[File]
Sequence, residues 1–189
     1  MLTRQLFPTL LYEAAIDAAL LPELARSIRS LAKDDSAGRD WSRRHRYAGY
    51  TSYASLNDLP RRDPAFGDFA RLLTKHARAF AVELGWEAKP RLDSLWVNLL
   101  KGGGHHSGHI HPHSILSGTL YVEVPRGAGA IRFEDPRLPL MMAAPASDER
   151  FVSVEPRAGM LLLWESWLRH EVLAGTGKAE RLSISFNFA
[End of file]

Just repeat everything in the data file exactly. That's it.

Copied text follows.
Sequence, residues 1–189
     1  MLTRQLFPTL LYEAAIDAAL LPELARSIRS LAKDDSAGRD WSRRHRYAGY
    51  TSYASLNDLP RRDPAFGDFA RLLTKHARAF AVELGWEAKP RLDSLWVNLL
   101  KGGGHHSGHI HPHSILSGTL YVEVPRGAGA IRFEDPRLPL MMAAPASDER
   151  FVSVEPRAGM LLLWESWLRH EVLAGTGKAE RLSISFNFA